Good News: Texas Isn’t Russia, and Never Will Be

by Christina Rees September 4, 2018
Illustration by Ralph Steadman of George Orwell's Animal Farm

Illustration by Ralph Steadman for George Orwell’s Animal Farm

I just returned from nearly two weeks in Russia: roughly a week in Saint Petersburg, and a week in Moscow. The trip was organized by the tour group Road Scholar, which bills itself as “educational travel for adults.” We were a rag-tag team of East- and West-coast, well-educated retirees (plus me and my mom, from North Texas), guided by two native Russians. We mainly studied the Revolution of 1917, but we managed to work in a fair bit about World War II and Perestroika and Glasnost. 

It was incredibly depressing. I’m glad I went. This last April, Russia expelled our diplomats and closed the US Consulate in Saint Petersburg, and things between the US and Russia are getting dicier by the day. And I probably don’t have to tell most people reading this that the long, dark history of Russia and the Soviet Union is a bloody, chaotic mess, and that history is still being made under an ex-KGB thug named Putin. But the complacency and resignation of the Russian people could be felt on every street, even in Russia’s two most cosmopolitan cities. 

I am not a cockeyed optimist, particularly since Trump was elected. But I will say this: Texas, and by extension the US, will not descend into the cesspool of homogenous groupthink and doublethink that makes Russia such a user and a taker and a grifter of a country. It’s true that Trump is in the White House, and nothing about the rightward drift of Western civilization feels good right now, but the fundamental conditions that have led to present-day Russia, with a nearly 80% approval rating for Putin, are not happening here.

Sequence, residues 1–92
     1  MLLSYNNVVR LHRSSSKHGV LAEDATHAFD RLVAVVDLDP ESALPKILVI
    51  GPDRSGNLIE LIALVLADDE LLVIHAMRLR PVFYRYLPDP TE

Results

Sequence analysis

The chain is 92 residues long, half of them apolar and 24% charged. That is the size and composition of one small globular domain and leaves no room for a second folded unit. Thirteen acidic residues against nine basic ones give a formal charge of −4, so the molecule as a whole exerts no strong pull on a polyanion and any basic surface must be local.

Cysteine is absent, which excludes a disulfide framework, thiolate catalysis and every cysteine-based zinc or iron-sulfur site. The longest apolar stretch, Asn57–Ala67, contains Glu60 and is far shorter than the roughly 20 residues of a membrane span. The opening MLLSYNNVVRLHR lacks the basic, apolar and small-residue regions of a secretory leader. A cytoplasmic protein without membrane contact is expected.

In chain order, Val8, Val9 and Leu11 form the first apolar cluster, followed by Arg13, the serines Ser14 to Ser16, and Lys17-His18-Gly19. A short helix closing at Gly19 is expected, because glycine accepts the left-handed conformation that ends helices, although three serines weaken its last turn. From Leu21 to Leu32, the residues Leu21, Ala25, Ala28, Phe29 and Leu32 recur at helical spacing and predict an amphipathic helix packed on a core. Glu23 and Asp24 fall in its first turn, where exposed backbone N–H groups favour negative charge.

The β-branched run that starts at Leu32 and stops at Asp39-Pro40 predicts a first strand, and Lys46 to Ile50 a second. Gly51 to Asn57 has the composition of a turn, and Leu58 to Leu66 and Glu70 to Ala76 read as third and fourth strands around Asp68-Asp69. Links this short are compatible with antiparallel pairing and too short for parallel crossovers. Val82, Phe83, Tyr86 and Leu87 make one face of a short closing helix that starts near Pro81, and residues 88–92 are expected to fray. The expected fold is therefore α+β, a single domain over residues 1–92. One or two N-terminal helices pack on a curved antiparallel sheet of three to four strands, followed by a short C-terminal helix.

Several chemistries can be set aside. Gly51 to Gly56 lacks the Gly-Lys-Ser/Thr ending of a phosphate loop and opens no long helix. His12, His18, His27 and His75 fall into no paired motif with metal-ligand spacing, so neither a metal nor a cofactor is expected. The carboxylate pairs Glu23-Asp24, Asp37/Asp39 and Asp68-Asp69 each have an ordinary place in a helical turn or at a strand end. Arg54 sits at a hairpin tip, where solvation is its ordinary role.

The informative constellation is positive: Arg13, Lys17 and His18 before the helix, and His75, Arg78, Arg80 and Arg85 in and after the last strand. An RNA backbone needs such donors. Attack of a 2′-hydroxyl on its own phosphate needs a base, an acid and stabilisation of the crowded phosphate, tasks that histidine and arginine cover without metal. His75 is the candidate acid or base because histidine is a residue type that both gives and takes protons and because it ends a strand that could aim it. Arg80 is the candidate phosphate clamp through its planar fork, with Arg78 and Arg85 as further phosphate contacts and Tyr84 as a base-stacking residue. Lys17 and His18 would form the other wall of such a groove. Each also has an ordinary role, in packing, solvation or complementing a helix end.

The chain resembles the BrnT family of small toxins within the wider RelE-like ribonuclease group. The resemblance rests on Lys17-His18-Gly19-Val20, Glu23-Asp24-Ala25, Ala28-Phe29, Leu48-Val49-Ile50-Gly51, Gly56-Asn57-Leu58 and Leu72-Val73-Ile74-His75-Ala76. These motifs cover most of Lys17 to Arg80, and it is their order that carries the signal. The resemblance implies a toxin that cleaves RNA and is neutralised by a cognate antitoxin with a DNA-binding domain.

As always happens when you visit another country, I liked the individual Russians I met very much — from the middle-class couple who hosted us for dinner at their country house outside of Saint Petersburg, to the sweet 20-something bartender who walked me and my mom blocks out of his way to help us find a certain restaurant. That’s the beauty of travel: it gets you in touch with the things we humans on this planet share with one another, and it reminds you that we are all more alike then we are different. But there are differences between countries, and there are things we still take for granted here in the US and Texas: the celebration of innovation, the right to assemble, the power of the individual, the right to challenge authority — and none of these things are part of the fabric of everyday Russian life. None of it is in the DNA of the Russian personality. (And for what it’s worth, the 20-somethings I met over there want to move here.) 

A lot of our strengths come from demographics. Aside from the tourists at the big tourist sites, the living, working population I saw in Moscow and Saint Petersburg is alarmingly homogeneous. While I was casting around and trying to figure out how I was going to write this without sounding like some anti-Slavic asshole, an op-ed in the New York Times (innocently, about decision-making) popped up yesterday and gave me this gift:

“About a decade ago, the social psychologist Samuel Sommers conducted a series of mock trials in which a jury debated and evaluated evidence from a sexual assault case. Some of the juries were entirely white, while other juries were more diverse in their racial makeup. By almost every important metric, the racially mixed juries performed better at their task. They considered more potential interpretations of the evidence, remembered information about the case more accurately and engaged in the deliberation process with more rigor and persistence.